Alumni, Alumni Articles, Azerbaijan

Interview with Emil Hasanzade ’15, Filmmaker and Founder of the FEMM Project

FLEX Alumni Coordinator Sabina Suleymanova’14 (Baku, Azerbaijan/Traverse City/ MI) interviewed Emil Hasanzade ’15 (Baku, Azerbaijan/Monroe, WA) regarding his project, FEMM, based on gender equality and feminism in Azerbaijan. Through the FEMM project, Emil created a film entitled ‘Silenced and Lost’ that was chosen to be screened at the Women’s History Month Festival in Newark, New Jersey.

Tell us about yourself

I am a 20-year-old International Relations student at the Anglo-American University in Prague, Czech Republic. My life is divided between my commitments for studies, filmmaking, friends, and family. It’s a bit stressful, yet quite fun!

Tell us about your FLEX year

I lived in a suburban town in Washington State, Monroe, about 20 minutes away from Seattle with an incredible family, the Maxsons.  My FLEX year helped me to evolve into a more productive, more ambitious, and more progressive individual.

How did you come up with the idea of starting the FEMM Project?

The idea to create a visual-based project related to feminism and gender equality popped into my mind in August 2015 immediately after returning from the U.S. One of my inspirations was Emma Watson’s interview for British Vogue and her HeForShe campaign with UN Women. In addition to this, I realized that the core for the project was a colossal change in me; I started becoming extremely aware of social issues in my homeland, Azerbaijan, and was trying to shift the situation for the better.

Later on, I gathered the team that has since contributed greatly to the project: project co-founder Nazrin Azizova, Benjamin Franklin Transatlantic Fellows (BFTA) program alumna Elvina Mustafazade, Ulviyya Akbarova ’15 (Baku, Azerbaijan/ Pittsfield, MA), BFTA program alumna Ayshan Aliyeva..

What are the main goals of your project?

The most critical purpose of FEMM project is to spread awareness about gender-based issues in the country, including domestic and gender-based violence and the pay gap between sexes. I also want to inspire & motivate young Azeri girls to follow their dreams despite society-based stereotypes and to become active citizens. Through the program, we tried to break stereotypes about traditional gender roles, by highlighting Azerbaijani women who are breaking through these, including: the first Muslim ballerina and the first female pilot in Eastern Europe, both of whom are ethnically Azerbaijani.

What are the main problems for women in our society and how you think you can help them through your project?

The most troubling aspect, from my point of view, is the issue of domestic violence. Most women fear reporting cases to police, or in other cases, feel that domestic violence is normal.

We have touched on the topic of domestic violence through our film ‘Silenced and Lost’ by revealing three true stories of Azeri women that are domestic violence survivors. Revealing social issues of a nation through visuals is essential, as women who have experienced domestic violence can understand that they are not alone and that what they are experiencing is not normal.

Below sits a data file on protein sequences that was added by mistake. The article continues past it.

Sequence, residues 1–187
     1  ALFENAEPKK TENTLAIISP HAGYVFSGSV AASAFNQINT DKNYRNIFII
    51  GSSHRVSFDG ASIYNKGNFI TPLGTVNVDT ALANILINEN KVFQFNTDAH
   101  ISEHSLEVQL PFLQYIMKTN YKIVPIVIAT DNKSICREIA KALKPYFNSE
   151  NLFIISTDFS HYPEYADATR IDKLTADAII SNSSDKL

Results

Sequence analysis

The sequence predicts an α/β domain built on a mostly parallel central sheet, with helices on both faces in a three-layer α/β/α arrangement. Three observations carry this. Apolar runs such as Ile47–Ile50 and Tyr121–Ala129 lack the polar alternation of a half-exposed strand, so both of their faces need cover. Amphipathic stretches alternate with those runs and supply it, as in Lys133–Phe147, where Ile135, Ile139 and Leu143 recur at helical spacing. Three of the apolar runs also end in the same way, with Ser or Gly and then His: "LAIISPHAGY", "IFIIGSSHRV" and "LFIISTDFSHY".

We also visited a women’s shelter and had the chance to interview one of its residents. The visit, which took place before our film shooting, helped us to deepen our knowledge of the level of the issue in the country.

I also want to add that domestic violence is an issue in every part of the world. It is surely not an ‘Azerbaijani thing’, so to say.

A lot of people have a very negative, even an angry, reaction to the word “Feminism”. How do you think we can change it?

The negativity comes from prejudice and lack of knowledge in regards to the word ‘feminism’ and what it actually means. It is important to mention that there are different waves and types of feminism. I am not fan of labeling, but if I have to, I would identify as a non-radical feminist who believes that both sexes should play an equal role in reducing and eventually eliminating gender-related issues, stereotypes, and forms of prejudice.

We should simply talk about feminism. If the word is spread, then nothing can stop it, meaning that both through our words and actions we, people who care, should explain the real definition of what feminism actually means.

It is a big success to have your movie “Silenced and Lost” being screened at the Women’s History Month Festival in Newark, NJ. Can you tell us more about this movie and its creation?

The festival truly means a lot to me. The film was selected when I was deciding if I should continue filmmaking and if a career in film had real purpose.  As I have previously mentioned, the film opens up with stories of three women and the way they dealt with domestic violence. The women allowed us to use their life stories, yet we had to change some aspects for the film, such as their age and number of children. It was created over a four month period.

Are there any new projects you are currently working on?

I’m currently working on a new film. The film is going to touch the topic of Azeris living in Prague and I hope to release it in midsummer 2018.

Your message to every girl out there reading this article

Be loyal to your dreams and work on achieving them, don’t let anyone to stand in your way.

If you want to be a boss, then be one, don’t pay attention to what misogynists say.

 

Written by Sabina Suleymanova

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